The Texas Republican Party has long trumpeted a defense of “local control” for communities and school districts against what it sees as the abusive authority of federal and state government. In fact, the state party’s official platform makes it explicit, particularly when it comes to public education:

We support school choice and believe that quality education is best achieved by encouraging parental involvement, protecting parental rights, and maximizing local independent school district control. District superintendents and their employees should be made solely accountable to their locally elected boards. We support sensible consolidation of local school districts. We encourage local ISDs to consider carefully the advantages and disadvantages of accepting federal education money.

But State Board of Education member David Bradley, R-Beaumont Buna, a ringleader of the board’s far-right faction, thinks local communities don’t know how to run their own school districts. Here’s what he had to say at a candidate forum on Monday:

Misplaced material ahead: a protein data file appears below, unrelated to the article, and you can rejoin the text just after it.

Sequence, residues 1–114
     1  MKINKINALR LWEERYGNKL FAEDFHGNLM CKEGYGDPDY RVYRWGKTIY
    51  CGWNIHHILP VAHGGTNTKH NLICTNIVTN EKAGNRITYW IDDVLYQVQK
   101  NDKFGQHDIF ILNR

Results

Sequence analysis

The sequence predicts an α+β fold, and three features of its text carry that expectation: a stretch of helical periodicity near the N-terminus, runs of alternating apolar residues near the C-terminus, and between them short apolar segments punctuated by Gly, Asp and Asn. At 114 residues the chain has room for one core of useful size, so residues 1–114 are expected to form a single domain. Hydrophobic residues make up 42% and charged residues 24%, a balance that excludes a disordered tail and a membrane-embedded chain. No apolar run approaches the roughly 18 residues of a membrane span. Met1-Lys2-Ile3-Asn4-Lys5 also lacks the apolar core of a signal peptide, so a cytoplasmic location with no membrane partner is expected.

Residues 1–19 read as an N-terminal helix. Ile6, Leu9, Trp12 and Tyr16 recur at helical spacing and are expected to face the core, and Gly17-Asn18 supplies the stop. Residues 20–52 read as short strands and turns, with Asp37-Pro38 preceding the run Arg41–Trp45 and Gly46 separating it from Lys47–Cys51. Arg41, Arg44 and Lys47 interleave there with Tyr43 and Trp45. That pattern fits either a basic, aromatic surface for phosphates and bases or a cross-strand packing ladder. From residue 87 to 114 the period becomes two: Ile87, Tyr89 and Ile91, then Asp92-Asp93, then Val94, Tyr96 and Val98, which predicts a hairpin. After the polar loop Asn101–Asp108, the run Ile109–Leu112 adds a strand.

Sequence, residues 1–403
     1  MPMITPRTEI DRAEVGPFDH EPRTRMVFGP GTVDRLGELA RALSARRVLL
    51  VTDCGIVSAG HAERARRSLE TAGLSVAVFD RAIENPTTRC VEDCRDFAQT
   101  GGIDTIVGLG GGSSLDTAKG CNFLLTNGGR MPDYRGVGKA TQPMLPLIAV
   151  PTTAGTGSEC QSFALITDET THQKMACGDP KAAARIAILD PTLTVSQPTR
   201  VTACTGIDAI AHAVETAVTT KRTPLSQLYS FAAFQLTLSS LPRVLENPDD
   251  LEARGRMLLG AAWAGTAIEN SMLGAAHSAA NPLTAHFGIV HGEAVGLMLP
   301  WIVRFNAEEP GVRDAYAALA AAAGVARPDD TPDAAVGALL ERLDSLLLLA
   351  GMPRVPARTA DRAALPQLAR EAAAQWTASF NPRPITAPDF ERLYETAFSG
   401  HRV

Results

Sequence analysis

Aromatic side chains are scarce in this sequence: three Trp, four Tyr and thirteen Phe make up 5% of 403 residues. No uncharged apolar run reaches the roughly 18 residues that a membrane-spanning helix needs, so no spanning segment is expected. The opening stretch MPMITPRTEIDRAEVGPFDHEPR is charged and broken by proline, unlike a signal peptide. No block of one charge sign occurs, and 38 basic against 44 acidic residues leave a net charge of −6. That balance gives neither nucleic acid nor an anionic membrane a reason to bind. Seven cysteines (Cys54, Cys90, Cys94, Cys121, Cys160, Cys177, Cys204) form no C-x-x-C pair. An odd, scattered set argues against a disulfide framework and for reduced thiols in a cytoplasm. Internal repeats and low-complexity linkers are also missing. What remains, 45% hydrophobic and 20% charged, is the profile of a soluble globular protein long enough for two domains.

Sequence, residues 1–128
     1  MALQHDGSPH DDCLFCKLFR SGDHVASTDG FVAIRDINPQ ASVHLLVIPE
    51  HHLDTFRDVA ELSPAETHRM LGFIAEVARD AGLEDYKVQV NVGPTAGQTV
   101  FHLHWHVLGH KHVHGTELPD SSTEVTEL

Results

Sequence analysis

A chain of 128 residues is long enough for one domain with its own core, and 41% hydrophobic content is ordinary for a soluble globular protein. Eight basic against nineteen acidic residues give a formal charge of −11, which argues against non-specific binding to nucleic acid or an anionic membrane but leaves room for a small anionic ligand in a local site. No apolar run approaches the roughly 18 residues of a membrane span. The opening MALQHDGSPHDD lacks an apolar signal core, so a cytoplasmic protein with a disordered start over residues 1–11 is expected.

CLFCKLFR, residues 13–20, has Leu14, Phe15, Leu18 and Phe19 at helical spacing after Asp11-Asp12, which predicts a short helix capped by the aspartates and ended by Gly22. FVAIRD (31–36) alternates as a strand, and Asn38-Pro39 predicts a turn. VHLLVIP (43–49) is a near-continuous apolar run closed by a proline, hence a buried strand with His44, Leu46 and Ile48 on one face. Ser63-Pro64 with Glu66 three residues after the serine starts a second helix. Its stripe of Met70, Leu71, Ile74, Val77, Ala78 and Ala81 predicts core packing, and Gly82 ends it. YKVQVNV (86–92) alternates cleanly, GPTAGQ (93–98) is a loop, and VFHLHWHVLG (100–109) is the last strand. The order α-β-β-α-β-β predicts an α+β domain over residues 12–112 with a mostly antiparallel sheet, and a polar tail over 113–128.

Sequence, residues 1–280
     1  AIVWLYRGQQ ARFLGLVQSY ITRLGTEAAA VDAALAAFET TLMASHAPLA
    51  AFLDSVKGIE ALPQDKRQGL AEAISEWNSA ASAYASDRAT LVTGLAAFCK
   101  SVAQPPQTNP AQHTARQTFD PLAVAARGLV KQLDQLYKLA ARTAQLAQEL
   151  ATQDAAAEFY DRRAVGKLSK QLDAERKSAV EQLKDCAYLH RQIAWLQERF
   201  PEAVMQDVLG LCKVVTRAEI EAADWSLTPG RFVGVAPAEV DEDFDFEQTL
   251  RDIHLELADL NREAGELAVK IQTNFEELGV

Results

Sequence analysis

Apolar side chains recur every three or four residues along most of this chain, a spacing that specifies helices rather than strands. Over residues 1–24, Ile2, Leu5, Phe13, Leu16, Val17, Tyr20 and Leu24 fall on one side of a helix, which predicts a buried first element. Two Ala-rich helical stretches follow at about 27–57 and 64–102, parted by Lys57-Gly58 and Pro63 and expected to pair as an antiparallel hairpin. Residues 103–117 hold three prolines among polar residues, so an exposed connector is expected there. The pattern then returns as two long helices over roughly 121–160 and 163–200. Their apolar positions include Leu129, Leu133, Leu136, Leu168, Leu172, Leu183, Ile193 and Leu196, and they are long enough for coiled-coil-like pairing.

“Everyone likes to say ‘local control,’ but left unchecked, sometimes people don’t always do the best jobs.”

Bradley has served on the state board since the 1990s and is seeking re-election this year. He certainly hasn’t been shy over the years… Read More

So what's with the dishonest campaign to remove from office a State Board of Education member who had the gall to challenge -- successfully -- the re-election of a prominent member of the state board's far-right faction in 2010? Just another example of the far right's contempt for Texas voters. We're talking about Thomas Ratliff, a Republican from Mount Pleasant who defeated Don "Somebody's Gotta Stand Up to Experts" McLeroy in last year's GOP primary for the District 9 state board seat. McLeroy, a College Station dentist and self-identified "young Earth creationist," had served as Gov. Rick Perry's state board chairman from 2007 to 2009 and led efforts to dumb down instruction on evolution in public school science classes. Ratliff's victory over McLeroy infuriated other far-right board members and their supporters. But because voters clearly preferred a common-sense approach to education over McLeroy's repeated efforts to promote his own personal beliefs in public schools, Ratliff's critics have adopted a legal strategy to get him thrown off the board. They claim Texas law forbids Ratliff from serving on the board because he is a registered lobbyist. But that prohibition applies only to lobbyists who are paid to…… Read More